WASHINGTON (Reuters) – U.S. President Donald Trump said on Friday he had given Kim Jong Un a direct phone number and suggested he might call the North Korean leader on Sunday, following their summit in Singapore this week.
“I’m going to be actually calling North Korea,” Trump told Fox News in an interview when asked what he planned to do on Father’s Day, without saying who he would be speaking to.
Trump, who has hailed his meeting with Kim on Tuesday as a success that removed the North Korean nuclear threat, told reporters later that he had given Kim a phone number to allow him to reach him directly.
“I can now call him. I can now say, ‘Well, we have a problem.’ I gave him a very direct number. He can now call me if he has any difficulties, I can call him,” Trump said during an impromptu news conference on the White House lawn.
Asked about who he would speak to on Sunday, Trump said: “Well, I’m going to speak to people in North Korea, and I’m going to speak to my people who are over in North Korea.” He did not elaborate.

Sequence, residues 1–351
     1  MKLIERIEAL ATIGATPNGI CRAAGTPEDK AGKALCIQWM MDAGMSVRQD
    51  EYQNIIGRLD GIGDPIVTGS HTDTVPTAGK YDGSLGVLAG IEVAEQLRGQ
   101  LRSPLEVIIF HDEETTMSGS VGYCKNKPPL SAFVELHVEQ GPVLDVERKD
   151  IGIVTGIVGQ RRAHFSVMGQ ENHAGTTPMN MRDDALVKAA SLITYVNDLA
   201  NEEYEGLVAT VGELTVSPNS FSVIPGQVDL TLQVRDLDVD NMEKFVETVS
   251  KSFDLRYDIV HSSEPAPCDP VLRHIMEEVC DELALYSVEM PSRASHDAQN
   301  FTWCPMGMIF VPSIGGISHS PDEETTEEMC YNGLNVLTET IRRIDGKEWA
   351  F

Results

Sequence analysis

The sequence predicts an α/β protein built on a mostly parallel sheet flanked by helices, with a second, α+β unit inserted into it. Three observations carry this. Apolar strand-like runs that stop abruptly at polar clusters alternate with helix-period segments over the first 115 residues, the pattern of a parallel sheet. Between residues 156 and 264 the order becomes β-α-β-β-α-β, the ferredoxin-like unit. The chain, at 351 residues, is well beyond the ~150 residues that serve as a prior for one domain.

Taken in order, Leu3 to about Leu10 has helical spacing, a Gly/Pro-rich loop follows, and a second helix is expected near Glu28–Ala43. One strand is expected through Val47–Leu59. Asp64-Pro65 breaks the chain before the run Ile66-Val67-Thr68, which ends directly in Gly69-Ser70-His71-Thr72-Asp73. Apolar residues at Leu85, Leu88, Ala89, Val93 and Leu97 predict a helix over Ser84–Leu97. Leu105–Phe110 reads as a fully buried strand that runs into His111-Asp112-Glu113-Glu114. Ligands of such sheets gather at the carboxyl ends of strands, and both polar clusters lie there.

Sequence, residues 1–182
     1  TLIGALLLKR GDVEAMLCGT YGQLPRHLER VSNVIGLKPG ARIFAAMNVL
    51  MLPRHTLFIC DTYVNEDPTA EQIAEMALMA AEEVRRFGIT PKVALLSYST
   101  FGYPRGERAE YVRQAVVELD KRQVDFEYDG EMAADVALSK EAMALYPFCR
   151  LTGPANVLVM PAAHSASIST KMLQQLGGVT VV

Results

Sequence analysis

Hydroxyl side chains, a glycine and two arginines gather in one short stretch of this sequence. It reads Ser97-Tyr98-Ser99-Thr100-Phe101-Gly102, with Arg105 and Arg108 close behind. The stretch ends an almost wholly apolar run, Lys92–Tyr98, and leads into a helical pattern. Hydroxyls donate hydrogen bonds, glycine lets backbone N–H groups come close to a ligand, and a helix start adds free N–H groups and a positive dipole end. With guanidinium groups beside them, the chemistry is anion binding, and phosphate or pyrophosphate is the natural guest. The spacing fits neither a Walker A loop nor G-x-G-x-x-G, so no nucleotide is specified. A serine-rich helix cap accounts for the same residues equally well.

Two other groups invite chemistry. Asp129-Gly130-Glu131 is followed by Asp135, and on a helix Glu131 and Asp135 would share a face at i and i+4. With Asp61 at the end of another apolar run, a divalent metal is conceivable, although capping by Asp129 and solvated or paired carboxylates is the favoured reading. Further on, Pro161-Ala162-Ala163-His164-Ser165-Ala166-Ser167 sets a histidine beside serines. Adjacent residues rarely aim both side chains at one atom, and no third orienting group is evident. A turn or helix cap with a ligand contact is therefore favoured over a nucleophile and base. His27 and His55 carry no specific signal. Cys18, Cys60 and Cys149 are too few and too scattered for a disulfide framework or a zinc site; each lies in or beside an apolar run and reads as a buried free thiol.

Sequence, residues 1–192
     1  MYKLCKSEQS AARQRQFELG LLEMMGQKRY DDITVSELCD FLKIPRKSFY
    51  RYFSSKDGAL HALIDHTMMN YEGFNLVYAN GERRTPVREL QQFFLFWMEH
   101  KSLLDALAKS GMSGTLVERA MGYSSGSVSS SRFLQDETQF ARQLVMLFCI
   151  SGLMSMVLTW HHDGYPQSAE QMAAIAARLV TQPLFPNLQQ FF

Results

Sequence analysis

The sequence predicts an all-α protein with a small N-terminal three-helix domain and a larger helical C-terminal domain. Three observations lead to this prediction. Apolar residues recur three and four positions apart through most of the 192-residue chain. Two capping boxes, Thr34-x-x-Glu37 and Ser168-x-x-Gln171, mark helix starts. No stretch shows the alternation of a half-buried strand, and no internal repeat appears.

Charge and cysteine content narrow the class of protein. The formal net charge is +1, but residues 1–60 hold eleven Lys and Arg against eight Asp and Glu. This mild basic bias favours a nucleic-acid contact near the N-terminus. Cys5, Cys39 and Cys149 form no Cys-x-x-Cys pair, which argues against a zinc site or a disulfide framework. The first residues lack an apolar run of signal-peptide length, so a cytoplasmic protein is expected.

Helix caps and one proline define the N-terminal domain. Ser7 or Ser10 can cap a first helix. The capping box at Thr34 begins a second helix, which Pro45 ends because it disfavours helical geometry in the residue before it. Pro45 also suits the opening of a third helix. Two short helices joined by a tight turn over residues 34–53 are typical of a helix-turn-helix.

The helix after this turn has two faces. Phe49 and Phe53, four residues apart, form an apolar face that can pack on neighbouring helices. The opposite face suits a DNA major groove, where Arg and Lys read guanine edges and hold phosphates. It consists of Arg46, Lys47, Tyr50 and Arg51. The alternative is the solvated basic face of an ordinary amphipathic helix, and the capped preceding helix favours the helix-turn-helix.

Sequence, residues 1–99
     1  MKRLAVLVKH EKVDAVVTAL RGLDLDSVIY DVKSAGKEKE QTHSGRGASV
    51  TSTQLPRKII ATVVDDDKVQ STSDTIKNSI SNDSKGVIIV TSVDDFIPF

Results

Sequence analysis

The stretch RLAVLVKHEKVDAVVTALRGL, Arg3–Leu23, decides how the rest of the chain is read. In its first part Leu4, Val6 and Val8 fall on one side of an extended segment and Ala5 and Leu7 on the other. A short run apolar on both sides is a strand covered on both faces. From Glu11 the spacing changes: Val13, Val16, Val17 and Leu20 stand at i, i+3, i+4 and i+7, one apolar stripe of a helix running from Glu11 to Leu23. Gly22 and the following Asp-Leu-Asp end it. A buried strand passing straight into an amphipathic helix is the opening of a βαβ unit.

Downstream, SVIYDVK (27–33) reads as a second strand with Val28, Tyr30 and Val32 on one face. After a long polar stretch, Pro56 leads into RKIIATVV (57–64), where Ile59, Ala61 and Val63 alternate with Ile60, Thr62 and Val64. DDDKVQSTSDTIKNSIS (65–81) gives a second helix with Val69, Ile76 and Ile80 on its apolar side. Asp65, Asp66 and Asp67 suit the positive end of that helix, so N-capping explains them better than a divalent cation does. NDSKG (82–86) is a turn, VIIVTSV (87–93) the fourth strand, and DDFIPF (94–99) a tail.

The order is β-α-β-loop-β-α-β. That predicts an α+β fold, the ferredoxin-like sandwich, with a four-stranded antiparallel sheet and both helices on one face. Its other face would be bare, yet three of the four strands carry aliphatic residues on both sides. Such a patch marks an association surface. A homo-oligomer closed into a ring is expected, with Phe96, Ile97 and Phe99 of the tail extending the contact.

Trump and Kim issued a joint statement after their meeting that reaffirmed the North’s commitment to “work toward complete denuclearization of the Korean Peninsula,” while the United States undertook to provide security guarantees.
Democratic critics in the United States said the agreement was short on detail and the Republican president had made too many concessions to Kim, whose country is under U.N. sanctions for its nuclear and weapons programs and is widely condemned for human rights abuses.
Trump has said he trusts Kim to follow through as the two countries negotiate dismantling North Korea’s nuclear program.
Critics have assailed Trump for talking warmly of Kim after their meeting. In response to a reporter who suggested on Friday that he was defending Kim’s human rights record, Trump said, “You know why, I don’t want to see a nuclear weapon destroy you and your family … I want to have a good relationship with North Korea.”
U.S. Defense Secretary Mattis said Trump’s summit with Kim, the first between a sitting U.S. president and a North Korean leader, showed that the past did not have to define the future, but that the U.S. military remained vigilant.
“While a possible new avenue to peace now exists with North Korea, we remain vigilant regarding pursuit of nuclear weapons anywhere in the world,” Mattis said, speaking at a U.S. Naval War College graduation.
Reporting by Eric Walsh; Editing by Frances Kerry